The object of the proving is a knowledge of what is peculiar to the drug – its characteristics. In those drugs which. are comparatively inert in their natural state, these are rarely developed after crude doses. So that most of the so-called provings of such substances, in such doses, are comparatively valueless. The same is, to a great extent, true of such provings of active poisons. The one class is expelled from the system without ever coming into active relation to the forces of life, with a manifestation of few or no symptoms; the other, by the violence of its action, causes its speedy expulsion, with few symptoms, and these such as are common to the drugs of its class, and are therefore of little or no practical value. The disturbances of functions are such as might have been the result of almost any drug of its class and there-fore are generic and not characteristic; and for this reason, not curative; and so are no answer to the problem before the prover. This is probably the true explanation of the poverty of the provings of Tartar emet, Corrosive sublimate, and some others. The second element in determining the state of the drug to be taken, and its quantity, is the susceptibility of the prover. The greater this, the less the dose, as a general rule. If the organism be powerfully impressed suddenly, it may so revolt against the dose as to expel it at once, with only generic symptoms, and the prover fails of his object. If the prover be of only moderate impressibility, he may realize valuable results from larger doses. If very obtuse, he is but poorly fitted for his work. In a word, he is to take the drug in such doses as will admit of and secure the pervasion of his organism by it, so that its effects may be“ developed in the functions of the various organs of his body. This can generally be better done by its gradual than sudden introduction; as in this way we avoid those violent functional alarms, which, when they occur in a proving, work our certain defeat. Hence, in those provings where a first dose is followed by no marked results, it is better to repeat it, and if necessary, many times, till symptoms arc developed, than to begin to increase the dose with each repetition, as the manner of many has been. This method usually results in a few generic symptoms, and these consequently are not worth the pains they cost By the gradual introduction of the drug, the organs become pervaded by it, tolerate it and respond to its specific impression, and its characteristics are secured. Hence the great error of those who have questioned the value of provings with high potencies. If the attempted proving with these, owing to the unimpressible nature of the prover, or from any other cause, produces no results, it can in no way invalidate the truth of those obtained from the provings of others better endowed for the work. From the very nature of the case, symptoms so obtained, which are genuine, must possess the highest value.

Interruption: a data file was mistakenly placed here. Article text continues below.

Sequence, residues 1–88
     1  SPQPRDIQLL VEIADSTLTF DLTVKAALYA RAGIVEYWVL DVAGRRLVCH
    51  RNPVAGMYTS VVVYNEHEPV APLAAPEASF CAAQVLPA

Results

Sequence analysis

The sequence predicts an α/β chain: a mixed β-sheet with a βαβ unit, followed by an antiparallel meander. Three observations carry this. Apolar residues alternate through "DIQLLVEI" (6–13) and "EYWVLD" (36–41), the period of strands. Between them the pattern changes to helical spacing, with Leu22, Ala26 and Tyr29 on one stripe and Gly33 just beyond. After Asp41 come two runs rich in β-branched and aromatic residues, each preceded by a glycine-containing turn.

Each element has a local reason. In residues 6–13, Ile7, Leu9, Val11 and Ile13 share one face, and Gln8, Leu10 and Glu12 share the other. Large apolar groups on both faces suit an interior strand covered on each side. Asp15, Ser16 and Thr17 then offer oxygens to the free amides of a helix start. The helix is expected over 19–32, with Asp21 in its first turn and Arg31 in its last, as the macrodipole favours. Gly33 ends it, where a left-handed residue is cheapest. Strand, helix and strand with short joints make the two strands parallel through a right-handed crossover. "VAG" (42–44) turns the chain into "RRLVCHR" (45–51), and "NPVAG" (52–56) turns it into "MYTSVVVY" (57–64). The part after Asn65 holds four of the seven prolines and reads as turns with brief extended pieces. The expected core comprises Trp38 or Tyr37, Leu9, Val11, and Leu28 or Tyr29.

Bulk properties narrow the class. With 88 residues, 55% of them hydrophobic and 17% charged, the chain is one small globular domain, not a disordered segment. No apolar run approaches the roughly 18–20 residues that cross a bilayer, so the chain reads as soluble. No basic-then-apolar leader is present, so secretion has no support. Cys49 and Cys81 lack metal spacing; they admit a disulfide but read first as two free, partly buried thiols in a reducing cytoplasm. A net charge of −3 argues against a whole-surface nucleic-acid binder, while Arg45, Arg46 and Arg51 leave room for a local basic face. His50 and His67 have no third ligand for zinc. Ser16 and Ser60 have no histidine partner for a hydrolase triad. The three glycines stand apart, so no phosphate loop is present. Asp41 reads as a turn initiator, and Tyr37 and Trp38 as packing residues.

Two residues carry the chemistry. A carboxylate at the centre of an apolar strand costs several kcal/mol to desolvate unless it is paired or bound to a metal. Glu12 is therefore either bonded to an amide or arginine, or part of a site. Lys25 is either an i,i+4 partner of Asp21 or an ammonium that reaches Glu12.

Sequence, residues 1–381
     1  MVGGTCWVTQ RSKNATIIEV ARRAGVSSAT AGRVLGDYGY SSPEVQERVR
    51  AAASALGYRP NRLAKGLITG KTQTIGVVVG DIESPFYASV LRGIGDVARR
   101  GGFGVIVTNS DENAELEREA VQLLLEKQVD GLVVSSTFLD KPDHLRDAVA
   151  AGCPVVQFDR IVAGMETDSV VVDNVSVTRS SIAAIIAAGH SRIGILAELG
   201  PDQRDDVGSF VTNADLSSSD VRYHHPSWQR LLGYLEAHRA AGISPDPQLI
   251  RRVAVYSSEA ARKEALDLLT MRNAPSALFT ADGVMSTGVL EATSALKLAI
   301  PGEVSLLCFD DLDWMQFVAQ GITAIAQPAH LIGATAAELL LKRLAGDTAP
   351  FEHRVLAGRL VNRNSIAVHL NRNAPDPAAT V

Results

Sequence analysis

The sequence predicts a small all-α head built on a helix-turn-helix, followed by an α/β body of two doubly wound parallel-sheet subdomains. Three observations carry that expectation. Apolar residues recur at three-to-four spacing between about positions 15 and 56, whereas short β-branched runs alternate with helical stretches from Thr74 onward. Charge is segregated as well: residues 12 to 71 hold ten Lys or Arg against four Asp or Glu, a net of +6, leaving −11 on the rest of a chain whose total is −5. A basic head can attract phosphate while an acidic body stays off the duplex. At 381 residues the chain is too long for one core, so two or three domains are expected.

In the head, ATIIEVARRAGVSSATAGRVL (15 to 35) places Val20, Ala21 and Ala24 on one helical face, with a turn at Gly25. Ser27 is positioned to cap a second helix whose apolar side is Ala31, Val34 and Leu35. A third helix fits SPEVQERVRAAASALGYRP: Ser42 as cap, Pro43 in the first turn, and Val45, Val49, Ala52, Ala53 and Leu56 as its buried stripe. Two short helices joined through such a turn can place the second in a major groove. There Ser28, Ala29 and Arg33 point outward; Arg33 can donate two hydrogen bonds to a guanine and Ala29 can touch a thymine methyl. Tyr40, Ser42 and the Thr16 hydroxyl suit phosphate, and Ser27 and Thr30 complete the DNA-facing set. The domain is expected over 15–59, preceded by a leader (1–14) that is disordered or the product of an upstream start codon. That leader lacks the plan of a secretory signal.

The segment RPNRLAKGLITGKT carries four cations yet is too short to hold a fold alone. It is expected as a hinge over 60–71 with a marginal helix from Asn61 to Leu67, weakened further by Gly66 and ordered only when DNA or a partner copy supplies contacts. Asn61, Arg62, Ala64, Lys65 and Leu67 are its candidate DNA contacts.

In regard to the repetition of doses by a prover, it is to be governed by the nature of the drug, and the results already obtained. Drugs of slow action, as Causticum, Lycopodium, etc., are to be taken at longer intervals than such as are quick, as Aconite, Arnica, Ipecac., etc. This is the general rule, which, if it be remembered, with this one other, to repeat no dose while symptoms are being realized from those already taken, the prover can hardly make a mistake. This last is equivalent to that rule in practice which forbids the repetition of doses while those previously taken are still active, and in all provings, is of imperative authority. The reason for this is that, from the nature of the case, the total symptoms of a drug are produced in sequences, some earlier and some later in the series, and while these are being developed, a repetition of the dose only sets the prover back to the beginning again, and by continued repetition of this process, he may never reach those later and more valuable symptoms which a better method might have secured.